Courtney Barnett & Kurt Vile: Continental Drifts

Melbourne’s Courtney Barnett and Philadelphia’s Kurt Vile team for a gem of a record

Philadelphia’s Kurt Vile admits he’s a fanboy—he loves bands, musicians, albums, songs. But what he can do that most of us can’t is translate his fandom into participation. He ended up on the recent album from Tuareg band Tinariwen by sending word that he’d love to join them when they were recording in Joshua Tree. (“That was extra fanboy, reaching out to make that happen,” he says.) And he wrote a song that he hoped he could sing with Courtney Barnett after becoming obsessed with “Depreston,” from 2016’s Sometimes I Sit And Think, Sometimes I Just Sit. (That album title wouldn’t be out of place in Vile’s Zen-like lyrics.)

“Courtney? Sure, I’m a fanboy,” says Vile, although the two were just acquaintances when he wrote “Over Everything” with her in mind. That song, which Vile calls “a romantic, more slacker version in a different genre of a country-duet sort of thing,” led eventually to Lotta Sea Lice (Matador), the collaboration between the two acclaimed singer/songwriter/guitarists.

Lotta Sea Lice is, in a fashion, the history of a friendship. The pair met in 2014 when Barnett opened for Vile in her native Melbourne. Barnett was a fan going back to Vile’s 2011 album Smoke Rings For My Halo. “Peeping Tom” was her gateway, and she covers it in a stirring solo version on Lotta Sea Lice. “It was one of the first songs that I really connected with years ago when I discovered Kurt through that album,” she says. “That song really stood out; I just listened to it on repeat. It’s always been a special song. I thought it would be a cool idea to do a version of each other’s songs, and that was the first one that came to mind.”

When they first met in Melbourne, Barnett gave Vile a copy of her then-new The Double EP: A Sea Of Split Peas. The song that caught his ear was “Out Of The Woodwork,” and he covers it on Lotta Sea Lice with Barnett’s help.

Vile was hesitant to present “Over Everything” to Barnett because he had written the song for her unsolicited. Barnett remembers that when he first played it for her, “We didn’t know each other that well yet, so it was a little bit strange and nerve-wracking. He played it for me, half looking down, and I think he was still working on some lyrics and arrangements and stuff. I could tell that I really liked it already. I’ve always loved Kurt’s songs because sometimes they really grow on you, but they take awhile—that song kept getting stuck in my head, but it doesn’t really have a traditional chorus or a refrain or anything. It doesn’t seem like it should be a catchy song, but it really is. I find that a bit mesmerizing that he can do that all the time, write these long, kind of jammy songs that seem to be a bit free-form, but then they have these really intricate little melodies to perk you up.”

Inspired in part by country duets such as George Jones & Tammy Wynette and Dolly Parton & Porter Wagoner, “Over Everything” finds the two singing back and forth to one another, trading verses about songwriting and hearing loss. (The hilarious video has the two lip-syncing each other’s parts from their opposing sides of the globe.) They also trade guitar lines, increasingly so as the song extends into a coda. It reveals their common ground in conversational, clever lyrical details (Barnett sounds so natural singing Vile’s lines that you might think she wrote her verses) and in vivid, loping guitar playing (it’s often hard to tell who’s playing which lines).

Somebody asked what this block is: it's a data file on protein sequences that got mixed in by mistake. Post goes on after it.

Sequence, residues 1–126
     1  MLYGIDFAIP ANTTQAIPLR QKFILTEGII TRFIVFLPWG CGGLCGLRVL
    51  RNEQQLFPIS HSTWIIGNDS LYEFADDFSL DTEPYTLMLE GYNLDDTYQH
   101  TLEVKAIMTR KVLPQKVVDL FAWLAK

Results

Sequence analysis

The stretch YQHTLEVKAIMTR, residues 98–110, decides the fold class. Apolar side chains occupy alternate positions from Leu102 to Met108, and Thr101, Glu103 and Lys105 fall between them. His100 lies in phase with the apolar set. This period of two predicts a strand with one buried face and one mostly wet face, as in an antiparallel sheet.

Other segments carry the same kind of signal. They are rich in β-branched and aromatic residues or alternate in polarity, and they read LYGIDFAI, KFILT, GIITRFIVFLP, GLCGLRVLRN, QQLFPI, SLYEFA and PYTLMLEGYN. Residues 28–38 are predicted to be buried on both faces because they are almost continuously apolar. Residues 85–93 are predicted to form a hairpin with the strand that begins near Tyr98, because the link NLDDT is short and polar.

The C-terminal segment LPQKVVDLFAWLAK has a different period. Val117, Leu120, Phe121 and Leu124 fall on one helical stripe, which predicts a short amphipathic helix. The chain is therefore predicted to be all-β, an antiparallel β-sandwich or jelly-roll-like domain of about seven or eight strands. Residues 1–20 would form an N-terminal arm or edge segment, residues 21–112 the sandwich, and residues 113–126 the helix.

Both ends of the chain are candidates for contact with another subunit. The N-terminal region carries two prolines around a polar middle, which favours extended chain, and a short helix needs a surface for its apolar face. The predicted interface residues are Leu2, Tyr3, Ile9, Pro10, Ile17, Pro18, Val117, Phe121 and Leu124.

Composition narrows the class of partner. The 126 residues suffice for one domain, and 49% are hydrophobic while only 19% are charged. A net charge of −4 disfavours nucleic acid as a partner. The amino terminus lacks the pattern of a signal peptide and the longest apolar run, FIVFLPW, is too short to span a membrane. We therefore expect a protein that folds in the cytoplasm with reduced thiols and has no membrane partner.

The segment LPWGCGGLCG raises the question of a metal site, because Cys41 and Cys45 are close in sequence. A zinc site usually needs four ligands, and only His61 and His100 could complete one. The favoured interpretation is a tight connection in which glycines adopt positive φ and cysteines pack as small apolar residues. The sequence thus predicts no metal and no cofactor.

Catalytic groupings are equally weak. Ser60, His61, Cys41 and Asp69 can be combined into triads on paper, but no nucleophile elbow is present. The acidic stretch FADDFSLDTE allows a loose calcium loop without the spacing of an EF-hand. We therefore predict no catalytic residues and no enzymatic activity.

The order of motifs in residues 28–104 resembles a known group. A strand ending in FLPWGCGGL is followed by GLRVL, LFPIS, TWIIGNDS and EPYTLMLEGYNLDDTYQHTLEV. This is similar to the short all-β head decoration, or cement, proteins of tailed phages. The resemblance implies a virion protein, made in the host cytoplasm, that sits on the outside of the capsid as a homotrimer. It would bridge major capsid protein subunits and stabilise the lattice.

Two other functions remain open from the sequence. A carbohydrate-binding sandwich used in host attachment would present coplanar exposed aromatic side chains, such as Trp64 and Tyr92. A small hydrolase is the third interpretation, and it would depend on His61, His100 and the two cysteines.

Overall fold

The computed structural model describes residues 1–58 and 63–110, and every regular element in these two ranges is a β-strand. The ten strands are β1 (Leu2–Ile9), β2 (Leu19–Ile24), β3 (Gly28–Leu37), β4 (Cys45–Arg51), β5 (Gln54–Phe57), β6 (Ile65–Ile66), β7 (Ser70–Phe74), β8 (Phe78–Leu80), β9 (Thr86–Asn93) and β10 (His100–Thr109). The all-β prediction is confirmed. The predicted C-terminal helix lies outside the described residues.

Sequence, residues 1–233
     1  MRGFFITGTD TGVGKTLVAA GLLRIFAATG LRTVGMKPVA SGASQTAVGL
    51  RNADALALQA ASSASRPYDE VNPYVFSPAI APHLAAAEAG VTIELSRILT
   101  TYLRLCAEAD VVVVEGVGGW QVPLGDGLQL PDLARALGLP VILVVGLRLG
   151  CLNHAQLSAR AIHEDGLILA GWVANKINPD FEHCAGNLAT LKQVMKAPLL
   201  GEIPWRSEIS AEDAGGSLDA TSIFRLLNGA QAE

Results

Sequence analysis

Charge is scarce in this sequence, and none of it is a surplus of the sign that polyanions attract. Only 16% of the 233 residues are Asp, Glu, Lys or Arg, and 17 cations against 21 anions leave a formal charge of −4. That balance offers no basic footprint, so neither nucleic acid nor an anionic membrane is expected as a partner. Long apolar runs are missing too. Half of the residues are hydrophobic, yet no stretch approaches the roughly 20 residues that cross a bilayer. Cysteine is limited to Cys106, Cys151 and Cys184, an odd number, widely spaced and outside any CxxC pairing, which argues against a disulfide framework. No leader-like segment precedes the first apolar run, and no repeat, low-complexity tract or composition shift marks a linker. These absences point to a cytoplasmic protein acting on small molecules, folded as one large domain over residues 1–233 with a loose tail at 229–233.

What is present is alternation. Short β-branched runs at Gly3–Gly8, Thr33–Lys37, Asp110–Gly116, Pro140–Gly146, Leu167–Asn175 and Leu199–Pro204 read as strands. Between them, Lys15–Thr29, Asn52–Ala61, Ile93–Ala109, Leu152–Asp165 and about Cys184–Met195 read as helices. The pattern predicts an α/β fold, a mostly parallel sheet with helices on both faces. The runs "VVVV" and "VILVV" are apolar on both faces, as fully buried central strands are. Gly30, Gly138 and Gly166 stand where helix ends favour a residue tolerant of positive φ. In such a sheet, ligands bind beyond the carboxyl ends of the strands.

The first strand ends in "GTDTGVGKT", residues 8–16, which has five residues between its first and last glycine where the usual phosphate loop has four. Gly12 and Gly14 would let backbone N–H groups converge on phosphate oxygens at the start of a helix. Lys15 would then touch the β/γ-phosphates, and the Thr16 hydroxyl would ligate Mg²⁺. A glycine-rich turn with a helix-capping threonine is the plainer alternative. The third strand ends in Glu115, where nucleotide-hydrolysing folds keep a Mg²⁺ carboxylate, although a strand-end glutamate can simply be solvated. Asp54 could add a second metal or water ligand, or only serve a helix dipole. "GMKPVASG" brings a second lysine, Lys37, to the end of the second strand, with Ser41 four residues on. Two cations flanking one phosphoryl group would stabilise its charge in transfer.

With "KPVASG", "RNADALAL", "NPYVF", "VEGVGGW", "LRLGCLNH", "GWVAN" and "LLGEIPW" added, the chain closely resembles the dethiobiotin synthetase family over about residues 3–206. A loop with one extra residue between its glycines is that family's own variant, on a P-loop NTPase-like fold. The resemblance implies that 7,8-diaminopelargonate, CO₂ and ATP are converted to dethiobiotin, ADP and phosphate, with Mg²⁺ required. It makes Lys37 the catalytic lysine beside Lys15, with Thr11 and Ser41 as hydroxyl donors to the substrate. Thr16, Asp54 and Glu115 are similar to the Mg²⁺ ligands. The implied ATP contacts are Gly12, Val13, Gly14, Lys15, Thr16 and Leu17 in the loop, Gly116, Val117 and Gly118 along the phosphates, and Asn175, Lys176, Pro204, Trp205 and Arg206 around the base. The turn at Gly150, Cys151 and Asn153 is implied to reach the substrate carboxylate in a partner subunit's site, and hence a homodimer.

The original idea was to record a shared single, but the two had so much fun that they kept recording, piecemeal, in various places over the course of 14 months, until they ended up with an album. During the sessions, Vile drafted old friends (Warpaint’s Stella Mozgawa and Rob Laakso of his band the Violators) and new ones he’d made while touring Australia: the Dirty Three’s Jim White and Mick Turner, and the Bad Seeds’ Mick Harvey. “Firstly, I’m like a superfan,” Vile says of the latter three. “It’s definitely an honor to play with a slightly earlier generation. I strive to be in a similar vein: raw, artful, all those weird types, like Nick Cave and the Dirty Three. They’re kind of epic, but they’re also pretty raw.”

Barnett and Vile deliberately kept the recording quick, with few overdubs, which isn’t the way the two usually work on their own. “It’s always a constant struggle, to get to a place like Neil Young or certain country records where it’s all done in a couple takes and it’s all there,” says Vile. “That’s one style of music that I really admire and want to get back to, kind of real and organic.”

“I think it was a good lesson,” says Barnett. “I’m a real over-thinker and kind of a perfectionist. We didn’t really have much time; we were just trying something and just doing it and making it and moving on. Not in a not-caring way, but in a not-caring-so-much way about everything that could be wrong. A big part of it was trusting in the music and what’s written, and (also) trusting your instincts a little bit.”

In addition to the two covers of each other, the tracklist includes five new songs, three from Vile and two from Barnett, inspired by their conversations and emails; plus two other covers: “Untogether” by Belly, which Vile remembered loving as a young teenager (but which Barnett didn’t know), and “Fear Is Like A Forest” from Barnett’s partner Jen Cloher, who’ll be the opener when Barnett and Vile tour with the band they’re calling the Sea Lice.

“We were acquaintances and mutual admirers, but I’d say we’re great friends now,” says Vile. “Making the record was so fun, but then hearing it back and realizing how good the album is, is the ultimate for me. I’m pretty paranoid in general, or even afraid to listen to the music, but once you hear how good it really is, the returns are great.”

—Steve Klinge